Peter Warlock (Philip Heseltine) is without doubt one of the most fascinating and most enigmatic of all twentieth-century composers. Born in 1894 into a well-to-do London family and educated at Eton, he dropped out of Oxford and was swept into a reckless and at times irresponsible life in London’s Bohemia.
Set in the uncertain years after the first World War, this story tells of a brilliant, yet unhappy young man, a sensitive song-writer of remarkable genius, a witty and caustic critic, a rare scholar of early music, and a friend of some of the leading figures of the day, including Frederick Delius, Bernard van Dieren, D.H. Lawrence, Augustus John, Jacob Epstein, Constant Lambert, and William Walton. It tells of his dangerous involvement in the occult and its disturbing and long-lasting effects, of his passionate loves and hates, and of dramas of intrigue and mystery, all of which end on a cold winter’s morning in 1930 in a gas-filled flat in Chelsea.
This is the first major biographical study of the composer to appear since Cecil Gray’s memoir, which appeared soon after Warlock’s death when too many of the central characters were still alive for the real, frequently outrageous, story to be told. Using new and often controversial material only recently available, Barry Smith attempts here to give a complete account of the man, the composer, writer, and scholar.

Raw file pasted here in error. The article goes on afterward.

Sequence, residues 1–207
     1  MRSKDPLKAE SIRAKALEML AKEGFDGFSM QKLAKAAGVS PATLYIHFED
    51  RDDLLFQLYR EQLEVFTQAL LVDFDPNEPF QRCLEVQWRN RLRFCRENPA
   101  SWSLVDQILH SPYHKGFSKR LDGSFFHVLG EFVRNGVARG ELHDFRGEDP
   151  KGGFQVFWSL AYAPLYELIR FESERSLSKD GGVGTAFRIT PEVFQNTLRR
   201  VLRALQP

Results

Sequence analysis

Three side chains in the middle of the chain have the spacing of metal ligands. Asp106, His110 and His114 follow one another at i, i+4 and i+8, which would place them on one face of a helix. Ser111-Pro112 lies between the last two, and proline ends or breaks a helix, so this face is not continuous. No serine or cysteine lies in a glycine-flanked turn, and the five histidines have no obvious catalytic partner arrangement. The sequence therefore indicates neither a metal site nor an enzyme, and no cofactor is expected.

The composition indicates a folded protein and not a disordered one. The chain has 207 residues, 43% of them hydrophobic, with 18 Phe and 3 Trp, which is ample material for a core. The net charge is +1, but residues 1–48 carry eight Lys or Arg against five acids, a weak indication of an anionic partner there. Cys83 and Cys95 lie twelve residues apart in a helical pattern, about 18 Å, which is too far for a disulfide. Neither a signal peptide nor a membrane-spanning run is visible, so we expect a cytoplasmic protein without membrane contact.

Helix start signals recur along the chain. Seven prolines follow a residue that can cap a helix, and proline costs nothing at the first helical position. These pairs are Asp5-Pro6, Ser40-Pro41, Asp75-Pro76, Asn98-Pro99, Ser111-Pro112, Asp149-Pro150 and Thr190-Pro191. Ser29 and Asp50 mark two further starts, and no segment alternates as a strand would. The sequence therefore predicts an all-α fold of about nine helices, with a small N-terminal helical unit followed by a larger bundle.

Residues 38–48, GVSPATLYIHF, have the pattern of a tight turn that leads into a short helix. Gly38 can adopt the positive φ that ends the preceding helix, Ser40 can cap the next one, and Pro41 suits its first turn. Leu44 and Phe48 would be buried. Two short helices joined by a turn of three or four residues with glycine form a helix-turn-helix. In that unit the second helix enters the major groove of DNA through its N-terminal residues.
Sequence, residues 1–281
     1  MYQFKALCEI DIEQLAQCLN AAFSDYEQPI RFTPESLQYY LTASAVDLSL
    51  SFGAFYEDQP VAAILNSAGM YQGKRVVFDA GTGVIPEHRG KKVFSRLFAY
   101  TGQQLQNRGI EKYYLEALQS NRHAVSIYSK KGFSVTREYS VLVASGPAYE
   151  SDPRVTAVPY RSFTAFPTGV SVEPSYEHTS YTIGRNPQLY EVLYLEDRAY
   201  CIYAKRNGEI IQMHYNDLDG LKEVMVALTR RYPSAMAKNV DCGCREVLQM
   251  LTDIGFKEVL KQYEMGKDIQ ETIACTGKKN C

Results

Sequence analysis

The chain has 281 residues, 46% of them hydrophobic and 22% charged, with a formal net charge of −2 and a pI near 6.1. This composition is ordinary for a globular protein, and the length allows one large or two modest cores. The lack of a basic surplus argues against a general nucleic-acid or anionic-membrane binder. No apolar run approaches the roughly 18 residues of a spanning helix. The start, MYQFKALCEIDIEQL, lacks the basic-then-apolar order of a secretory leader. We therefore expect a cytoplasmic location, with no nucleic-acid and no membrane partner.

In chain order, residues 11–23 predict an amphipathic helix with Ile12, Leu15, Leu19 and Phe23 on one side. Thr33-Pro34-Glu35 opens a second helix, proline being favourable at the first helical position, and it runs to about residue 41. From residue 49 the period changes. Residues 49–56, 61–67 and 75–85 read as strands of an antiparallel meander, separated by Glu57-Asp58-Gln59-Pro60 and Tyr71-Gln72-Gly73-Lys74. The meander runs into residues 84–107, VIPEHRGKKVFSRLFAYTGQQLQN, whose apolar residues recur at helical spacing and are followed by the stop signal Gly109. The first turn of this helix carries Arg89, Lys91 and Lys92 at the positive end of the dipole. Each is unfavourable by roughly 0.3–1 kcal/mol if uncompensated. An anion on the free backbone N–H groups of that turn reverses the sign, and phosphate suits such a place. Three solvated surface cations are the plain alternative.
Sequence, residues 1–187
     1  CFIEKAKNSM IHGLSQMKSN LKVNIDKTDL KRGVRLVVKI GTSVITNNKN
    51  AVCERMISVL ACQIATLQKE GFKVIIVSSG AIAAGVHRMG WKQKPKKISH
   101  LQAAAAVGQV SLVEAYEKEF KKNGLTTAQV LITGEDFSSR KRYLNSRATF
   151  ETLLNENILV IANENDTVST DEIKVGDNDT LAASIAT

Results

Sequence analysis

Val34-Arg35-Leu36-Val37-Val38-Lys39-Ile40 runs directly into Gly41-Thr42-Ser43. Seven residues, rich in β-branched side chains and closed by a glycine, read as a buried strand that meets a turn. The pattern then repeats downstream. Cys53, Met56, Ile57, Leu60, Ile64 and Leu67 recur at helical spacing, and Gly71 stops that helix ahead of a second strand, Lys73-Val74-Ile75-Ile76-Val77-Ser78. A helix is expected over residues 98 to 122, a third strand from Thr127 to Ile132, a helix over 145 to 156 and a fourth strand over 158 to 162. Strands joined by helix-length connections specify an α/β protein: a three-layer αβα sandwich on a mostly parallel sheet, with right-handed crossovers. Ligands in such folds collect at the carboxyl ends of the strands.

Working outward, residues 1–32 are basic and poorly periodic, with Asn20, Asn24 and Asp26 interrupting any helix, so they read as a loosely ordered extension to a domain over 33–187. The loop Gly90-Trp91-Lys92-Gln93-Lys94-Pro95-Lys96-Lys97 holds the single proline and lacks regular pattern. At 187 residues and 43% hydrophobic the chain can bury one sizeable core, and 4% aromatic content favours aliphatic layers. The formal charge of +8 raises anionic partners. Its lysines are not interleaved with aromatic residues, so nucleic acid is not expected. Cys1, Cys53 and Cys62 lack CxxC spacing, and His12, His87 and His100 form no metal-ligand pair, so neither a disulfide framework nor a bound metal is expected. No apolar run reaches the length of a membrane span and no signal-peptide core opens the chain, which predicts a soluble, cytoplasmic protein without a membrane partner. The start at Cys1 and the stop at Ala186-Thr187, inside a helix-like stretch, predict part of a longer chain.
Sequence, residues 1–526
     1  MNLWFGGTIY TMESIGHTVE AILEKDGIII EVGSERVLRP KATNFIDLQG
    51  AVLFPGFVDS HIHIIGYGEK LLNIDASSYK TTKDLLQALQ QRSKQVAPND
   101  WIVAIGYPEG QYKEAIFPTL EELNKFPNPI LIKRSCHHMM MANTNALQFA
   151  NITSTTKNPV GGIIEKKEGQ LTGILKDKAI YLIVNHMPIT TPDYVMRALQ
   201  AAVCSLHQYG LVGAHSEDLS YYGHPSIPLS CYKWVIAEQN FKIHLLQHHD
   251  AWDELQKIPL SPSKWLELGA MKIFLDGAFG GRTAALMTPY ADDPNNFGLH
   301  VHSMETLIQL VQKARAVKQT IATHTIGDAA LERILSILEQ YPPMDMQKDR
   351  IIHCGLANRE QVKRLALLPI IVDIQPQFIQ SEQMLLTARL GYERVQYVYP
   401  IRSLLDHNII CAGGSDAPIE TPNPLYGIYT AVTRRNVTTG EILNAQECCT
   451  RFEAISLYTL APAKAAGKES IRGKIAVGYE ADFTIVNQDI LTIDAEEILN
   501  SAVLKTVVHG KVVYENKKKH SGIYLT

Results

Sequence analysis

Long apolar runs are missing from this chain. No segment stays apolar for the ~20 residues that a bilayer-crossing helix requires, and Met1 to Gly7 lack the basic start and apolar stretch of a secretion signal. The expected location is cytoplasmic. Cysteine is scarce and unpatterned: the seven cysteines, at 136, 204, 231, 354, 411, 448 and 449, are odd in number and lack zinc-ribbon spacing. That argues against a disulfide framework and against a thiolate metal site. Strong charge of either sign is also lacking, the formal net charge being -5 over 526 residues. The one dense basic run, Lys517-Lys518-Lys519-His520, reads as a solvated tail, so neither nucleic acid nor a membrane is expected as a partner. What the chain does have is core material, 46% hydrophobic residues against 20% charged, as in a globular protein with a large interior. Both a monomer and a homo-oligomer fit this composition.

“Published in 1994, the centenary of Heseltine’s birth, this book is only the second major and authoritative work on the subject of this controversial figure. The first one by Warlock’s friend and some time companion Cecil Gray, has been out of print for many years.
Published by Oxford University Press, this is an extremely well researched work. Warlock scholars are recommended to add this book to their small but unique collection of literature pertaining to a figure (in the musical sense) of inimitable quality. Hardback and Paperback now available.“
By Richard Valentine
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